## 2. Solutions to Tammes problem

### (a) *N*=3–12,24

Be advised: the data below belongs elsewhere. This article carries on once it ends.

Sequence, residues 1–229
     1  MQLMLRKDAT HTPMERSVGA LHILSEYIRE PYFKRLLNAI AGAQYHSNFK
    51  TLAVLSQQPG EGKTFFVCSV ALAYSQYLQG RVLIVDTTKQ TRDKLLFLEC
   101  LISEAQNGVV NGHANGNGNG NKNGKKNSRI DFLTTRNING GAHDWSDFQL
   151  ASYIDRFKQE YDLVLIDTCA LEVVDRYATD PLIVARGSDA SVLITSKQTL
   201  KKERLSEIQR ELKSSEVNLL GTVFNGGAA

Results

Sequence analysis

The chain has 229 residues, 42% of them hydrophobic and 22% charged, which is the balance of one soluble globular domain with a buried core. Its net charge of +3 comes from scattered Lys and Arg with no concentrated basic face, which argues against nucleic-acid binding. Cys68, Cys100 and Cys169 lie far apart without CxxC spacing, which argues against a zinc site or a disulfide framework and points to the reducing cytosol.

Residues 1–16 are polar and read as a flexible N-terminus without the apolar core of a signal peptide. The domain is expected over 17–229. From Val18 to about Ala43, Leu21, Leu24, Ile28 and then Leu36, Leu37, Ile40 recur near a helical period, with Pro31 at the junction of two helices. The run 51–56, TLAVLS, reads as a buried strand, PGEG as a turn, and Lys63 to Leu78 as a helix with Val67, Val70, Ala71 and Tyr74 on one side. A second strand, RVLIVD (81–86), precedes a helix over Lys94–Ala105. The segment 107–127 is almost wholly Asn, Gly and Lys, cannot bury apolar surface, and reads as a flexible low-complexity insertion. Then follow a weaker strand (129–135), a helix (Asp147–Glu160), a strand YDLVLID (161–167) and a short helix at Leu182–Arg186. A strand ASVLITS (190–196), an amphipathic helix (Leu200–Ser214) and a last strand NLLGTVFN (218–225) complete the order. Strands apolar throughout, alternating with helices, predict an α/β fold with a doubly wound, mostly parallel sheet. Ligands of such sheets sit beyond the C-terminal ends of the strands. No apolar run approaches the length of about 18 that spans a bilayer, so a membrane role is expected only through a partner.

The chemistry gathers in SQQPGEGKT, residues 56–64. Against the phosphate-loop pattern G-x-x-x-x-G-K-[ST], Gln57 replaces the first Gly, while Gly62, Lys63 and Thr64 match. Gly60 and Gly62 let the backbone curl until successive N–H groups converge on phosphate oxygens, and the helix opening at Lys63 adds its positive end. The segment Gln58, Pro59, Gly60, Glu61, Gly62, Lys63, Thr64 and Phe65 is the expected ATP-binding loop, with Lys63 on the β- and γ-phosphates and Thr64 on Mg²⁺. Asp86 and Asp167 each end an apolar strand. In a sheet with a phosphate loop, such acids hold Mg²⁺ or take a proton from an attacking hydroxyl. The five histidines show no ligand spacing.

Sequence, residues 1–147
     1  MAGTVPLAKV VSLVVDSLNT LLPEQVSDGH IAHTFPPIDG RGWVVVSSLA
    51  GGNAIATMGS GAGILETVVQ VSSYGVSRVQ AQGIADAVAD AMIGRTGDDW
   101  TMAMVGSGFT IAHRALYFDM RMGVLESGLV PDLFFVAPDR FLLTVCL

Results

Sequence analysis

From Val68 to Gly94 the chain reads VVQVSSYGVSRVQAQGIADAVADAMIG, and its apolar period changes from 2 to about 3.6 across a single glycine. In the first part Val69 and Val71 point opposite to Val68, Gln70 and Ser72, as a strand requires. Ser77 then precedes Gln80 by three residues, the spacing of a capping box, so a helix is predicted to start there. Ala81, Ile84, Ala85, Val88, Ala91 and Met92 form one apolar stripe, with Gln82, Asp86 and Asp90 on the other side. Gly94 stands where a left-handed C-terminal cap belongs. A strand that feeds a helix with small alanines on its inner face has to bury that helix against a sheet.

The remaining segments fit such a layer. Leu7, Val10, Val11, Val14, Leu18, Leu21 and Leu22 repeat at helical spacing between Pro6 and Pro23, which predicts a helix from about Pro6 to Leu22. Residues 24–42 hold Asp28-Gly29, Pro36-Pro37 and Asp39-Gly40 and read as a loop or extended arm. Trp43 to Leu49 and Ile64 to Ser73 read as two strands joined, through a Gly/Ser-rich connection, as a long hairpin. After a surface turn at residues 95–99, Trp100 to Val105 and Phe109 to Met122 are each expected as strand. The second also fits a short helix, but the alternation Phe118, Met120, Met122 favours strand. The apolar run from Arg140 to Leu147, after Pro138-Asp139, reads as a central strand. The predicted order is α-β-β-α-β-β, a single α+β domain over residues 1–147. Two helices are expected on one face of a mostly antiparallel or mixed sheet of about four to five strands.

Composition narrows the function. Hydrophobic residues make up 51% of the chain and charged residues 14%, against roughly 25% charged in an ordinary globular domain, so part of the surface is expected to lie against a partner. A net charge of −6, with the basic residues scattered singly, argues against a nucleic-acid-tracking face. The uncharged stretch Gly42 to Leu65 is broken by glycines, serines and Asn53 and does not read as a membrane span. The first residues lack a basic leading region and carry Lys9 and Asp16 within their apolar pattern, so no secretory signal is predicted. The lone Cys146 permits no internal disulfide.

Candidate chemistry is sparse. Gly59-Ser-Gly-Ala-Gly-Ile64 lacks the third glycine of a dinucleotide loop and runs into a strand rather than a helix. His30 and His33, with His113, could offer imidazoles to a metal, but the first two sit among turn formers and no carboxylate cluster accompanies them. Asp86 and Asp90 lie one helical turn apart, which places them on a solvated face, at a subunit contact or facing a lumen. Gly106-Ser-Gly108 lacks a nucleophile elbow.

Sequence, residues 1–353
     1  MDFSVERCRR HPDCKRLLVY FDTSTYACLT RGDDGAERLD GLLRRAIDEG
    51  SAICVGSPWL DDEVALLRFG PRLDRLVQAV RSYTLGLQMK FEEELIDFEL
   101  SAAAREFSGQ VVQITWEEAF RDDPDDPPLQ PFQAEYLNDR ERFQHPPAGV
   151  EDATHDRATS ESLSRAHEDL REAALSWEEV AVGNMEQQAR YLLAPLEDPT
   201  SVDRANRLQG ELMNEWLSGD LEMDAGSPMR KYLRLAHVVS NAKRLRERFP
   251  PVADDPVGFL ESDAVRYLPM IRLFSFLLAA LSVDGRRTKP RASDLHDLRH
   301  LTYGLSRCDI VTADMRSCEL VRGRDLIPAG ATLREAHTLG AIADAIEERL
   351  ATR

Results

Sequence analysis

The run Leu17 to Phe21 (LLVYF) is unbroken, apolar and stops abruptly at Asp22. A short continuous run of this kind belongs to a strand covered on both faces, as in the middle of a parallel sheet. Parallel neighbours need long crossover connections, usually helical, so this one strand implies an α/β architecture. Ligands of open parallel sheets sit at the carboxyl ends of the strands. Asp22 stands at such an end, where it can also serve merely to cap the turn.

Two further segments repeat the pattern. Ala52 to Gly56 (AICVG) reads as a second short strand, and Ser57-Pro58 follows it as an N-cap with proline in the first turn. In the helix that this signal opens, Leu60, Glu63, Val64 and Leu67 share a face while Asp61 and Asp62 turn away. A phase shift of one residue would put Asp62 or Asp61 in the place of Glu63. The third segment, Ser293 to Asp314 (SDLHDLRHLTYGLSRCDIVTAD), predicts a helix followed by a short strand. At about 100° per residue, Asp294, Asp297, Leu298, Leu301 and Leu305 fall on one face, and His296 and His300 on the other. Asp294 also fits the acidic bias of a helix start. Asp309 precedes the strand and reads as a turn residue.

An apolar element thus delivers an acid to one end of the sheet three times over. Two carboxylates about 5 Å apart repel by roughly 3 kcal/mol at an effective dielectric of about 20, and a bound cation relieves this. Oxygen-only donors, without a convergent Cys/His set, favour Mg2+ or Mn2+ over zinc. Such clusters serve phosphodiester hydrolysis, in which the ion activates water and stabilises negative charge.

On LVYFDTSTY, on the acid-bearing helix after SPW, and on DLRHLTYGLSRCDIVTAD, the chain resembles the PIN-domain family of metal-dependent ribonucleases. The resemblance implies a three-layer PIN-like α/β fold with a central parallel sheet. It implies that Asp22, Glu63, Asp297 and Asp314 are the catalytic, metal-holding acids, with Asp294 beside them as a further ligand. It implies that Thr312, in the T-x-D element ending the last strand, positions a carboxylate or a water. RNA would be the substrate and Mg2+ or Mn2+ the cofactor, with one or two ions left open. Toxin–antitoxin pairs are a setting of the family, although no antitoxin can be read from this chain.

The analytically known solutions to the Tammes problem are listed in column 1 of table 1 and a (numerical) listing for larger values of *N* can be found in Clare & Kepert (1986, 1991), which is by no means the most comprehensive listing known. In fact, one can find excellent websites, such as http://www2.research.att.com/njas/ and http://www-wales.ch.cam.ac.uk/ which contain a wealth of computational information regarding these and related particle interaction problems. For our purposes, we focus first on the cases for which there are known analytical proofs—this is only for the values *N*=2–12,24 (we do not include the *N*=2 antipodal state in our table). One of the standard measures associated with optimal packing solutions is *l*(*r*), the diameter of the packed circles. In each case, this is listed in the third column of table 1. We take a sphere of unit radius, hence *r*=1. A second measure of the optimally packed state is the proportion *p* of the sphere’s surface that is covered by the spherical caps. A formula for this, given in Longuet-Higgins (2008), is , where *N* is the number of vertices and *α* is the angle subtended by an edge at the centre of the sphere. These values are also listed in table 1.